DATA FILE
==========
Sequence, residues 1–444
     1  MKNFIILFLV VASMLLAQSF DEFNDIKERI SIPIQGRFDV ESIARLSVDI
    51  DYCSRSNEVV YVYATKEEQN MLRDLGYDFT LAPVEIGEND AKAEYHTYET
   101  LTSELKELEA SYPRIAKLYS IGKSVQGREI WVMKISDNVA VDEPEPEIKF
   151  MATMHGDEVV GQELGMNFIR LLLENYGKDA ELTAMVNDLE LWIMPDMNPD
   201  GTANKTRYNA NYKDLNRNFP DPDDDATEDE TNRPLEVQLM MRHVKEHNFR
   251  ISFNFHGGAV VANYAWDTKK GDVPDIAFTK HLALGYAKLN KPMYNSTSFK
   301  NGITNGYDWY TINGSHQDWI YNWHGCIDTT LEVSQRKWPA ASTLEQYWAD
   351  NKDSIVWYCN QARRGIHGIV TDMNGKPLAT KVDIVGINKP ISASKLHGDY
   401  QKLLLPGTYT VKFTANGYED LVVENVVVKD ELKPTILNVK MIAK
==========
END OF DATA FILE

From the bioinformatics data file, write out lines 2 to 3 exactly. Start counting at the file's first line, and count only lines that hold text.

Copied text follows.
     1  MKNFIILFLV VASMLLAQSF DEFNDIKERI SIPIQGRFDV ESIARLSVDI
    51  DYCSRSNEVV YVYATKEEQN MLRDLGYDFT LAPVEIGEND AKAEYHTYET